Using mobile phones and tablet devices could be making children hit puberty early, according to frightening new research out of Italy. The researchers, whose study was carried out on rats, discovered that mobile phones and tablet devices could trigger physical changes in the ovaries and might even be responsible for infertility.

The researchers say that this is happening because the devices emit blue light, which alters the body’s production of the hormone melatonin, and counsel that parents should not let their children use such devices in the evening before bed.

“Although not conclusive, we would advise that the use of blue light emitting devices should be minimized in pre-pubertal children, especially in the evening when exposure may have the most hormone-altering effects,” says lead author Dr. Aylin Kilinç Uğurlu from Ankara City Hospital in a media release.

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Mobile phones: causing early puberty in children?

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Screen time is well known to disrupt sleep in children and adults. It affects the body clock by inhibiting the evening rise in melatonin, an important hormone which prepares us for rest and sleep. Levels of melatonin are naturally higher before puberty, which delays its onset.

Puberty is a complex process that involves the interaction of several body systems and hormones, Dr. Uğurlu says. Several recent studies have reported early onset for girls, particularly during the pandemic.

The known link between blue light and reduced melatonin suggests increased screen time – a common problem during lockdowns – are playing a role in the reported increase, the study authors say.

The researchers’ findings have implications for explaining why children seem to be undergoing puberty earlier and earlier, something which has puzzled pediatricians for some time now.

Generally, girls begin puberty around the age of 11 and boys 12, but increasingly it appears that children are undergoing the change a year or more sooner than decades ago.

Some girls are even developing breasts at age six or seven. Two years ago, a global study found development of breasts in girls has crept forwards by about three months per decade since the 1970s. A variety of factors such as obesity, exposure to estrogenic chemicals and stress have been identified as the main causes. The new study, which was carried out on rats, suggests that blue-light exposure may also be to blame.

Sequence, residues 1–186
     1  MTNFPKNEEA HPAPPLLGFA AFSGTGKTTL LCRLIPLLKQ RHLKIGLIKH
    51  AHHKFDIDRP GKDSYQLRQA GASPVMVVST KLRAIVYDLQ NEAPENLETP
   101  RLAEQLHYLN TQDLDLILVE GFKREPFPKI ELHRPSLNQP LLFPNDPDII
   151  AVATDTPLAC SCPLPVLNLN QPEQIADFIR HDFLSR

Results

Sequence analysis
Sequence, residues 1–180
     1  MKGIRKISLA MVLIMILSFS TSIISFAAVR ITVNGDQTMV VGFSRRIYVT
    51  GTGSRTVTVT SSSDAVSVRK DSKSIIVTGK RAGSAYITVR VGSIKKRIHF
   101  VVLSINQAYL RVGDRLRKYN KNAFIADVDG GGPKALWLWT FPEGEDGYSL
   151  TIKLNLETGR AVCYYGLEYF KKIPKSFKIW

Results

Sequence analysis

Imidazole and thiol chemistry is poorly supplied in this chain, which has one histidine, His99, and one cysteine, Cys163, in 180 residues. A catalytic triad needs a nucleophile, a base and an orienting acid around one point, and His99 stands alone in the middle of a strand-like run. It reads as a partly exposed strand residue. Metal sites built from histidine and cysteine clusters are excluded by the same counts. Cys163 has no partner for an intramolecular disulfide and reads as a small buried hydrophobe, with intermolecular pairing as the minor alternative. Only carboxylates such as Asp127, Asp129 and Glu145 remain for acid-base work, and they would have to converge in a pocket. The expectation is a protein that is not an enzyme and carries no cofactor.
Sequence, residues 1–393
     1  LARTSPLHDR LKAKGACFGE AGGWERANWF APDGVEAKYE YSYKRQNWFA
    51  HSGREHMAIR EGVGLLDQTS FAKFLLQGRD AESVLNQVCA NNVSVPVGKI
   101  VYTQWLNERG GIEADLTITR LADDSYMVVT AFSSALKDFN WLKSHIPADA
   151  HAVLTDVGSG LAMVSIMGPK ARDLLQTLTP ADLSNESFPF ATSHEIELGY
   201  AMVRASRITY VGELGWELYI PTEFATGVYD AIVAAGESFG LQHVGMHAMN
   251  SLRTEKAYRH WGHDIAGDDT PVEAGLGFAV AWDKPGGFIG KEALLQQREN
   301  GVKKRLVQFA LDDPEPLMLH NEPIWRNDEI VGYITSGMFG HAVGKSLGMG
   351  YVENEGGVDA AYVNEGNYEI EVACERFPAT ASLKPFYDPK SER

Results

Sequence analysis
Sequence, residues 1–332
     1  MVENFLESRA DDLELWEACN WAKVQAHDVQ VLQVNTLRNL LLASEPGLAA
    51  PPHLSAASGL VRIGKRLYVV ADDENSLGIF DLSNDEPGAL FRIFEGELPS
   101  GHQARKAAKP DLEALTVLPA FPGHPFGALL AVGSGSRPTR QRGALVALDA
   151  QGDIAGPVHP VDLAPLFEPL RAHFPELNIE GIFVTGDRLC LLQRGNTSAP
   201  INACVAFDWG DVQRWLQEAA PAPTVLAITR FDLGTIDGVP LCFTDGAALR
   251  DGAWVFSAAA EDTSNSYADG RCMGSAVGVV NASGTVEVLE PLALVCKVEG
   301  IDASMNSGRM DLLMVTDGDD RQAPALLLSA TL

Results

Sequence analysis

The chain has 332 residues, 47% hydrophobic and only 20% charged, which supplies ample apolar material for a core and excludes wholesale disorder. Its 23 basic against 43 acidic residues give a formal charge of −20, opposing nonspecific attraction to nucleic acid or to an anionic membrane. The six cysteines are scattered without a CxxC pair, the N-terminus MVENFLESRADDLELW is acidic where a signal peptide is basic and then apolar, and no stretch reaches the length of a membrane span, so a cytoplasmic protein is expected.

Dr. Uğurlu and colleagues divided immature 21-day-old lab animals into three groups of six, exposing them to a normal light cycle or either six or 12 hours of blue light.

The first signs of puberty occurred much earlier in the blue light group. The more blue light they were exposed to, the earlier the onset. The animals exposed to the most blue light had less melatonin and elevated levels of estradiol and luteinizing hormone (LH). Estradiol thickens the womb and breasts while LH brings on ovulation.

Furthermore, after half a day of blue light exposure, there were indications of cell damage and inflammation in the ovaries. The researchers plan to investigate this connection further, since it could have long-term impacts on reproductive health and fertility.

The findings, presented at the 60th annual meeting of the European Society for Pediatric Endocrinology, are likely to apply to humans.

Since these findings could have serious implications for childhood development and future fertility, Dr. Uğurlu believes further research is urgently needed.

“We have found that blue light exposure, sufficient to alter melatonin levels, is also able to alter reproductive hormone levels and cause earlier puberty onset in our rat model. In addition, the longer the exposure, the earlier the onset,” Dr. Uğurlu says.

The researchers want to assess if setting computers and phones to warmer “night mode” colors such as yellow dampens the effects observed.

“As this a rat study, we can’t be sure that these findings would be replicated in children but these data suggest that blue light exposure could be considered as a risk factor for earlier puberty onset,” the study author continues.

“Our study is the first to show the effects of BL exposure on puberty. In our study, we showed that exposure of BL and the duration of exposure lead to early puberty,” the researchers conclude.

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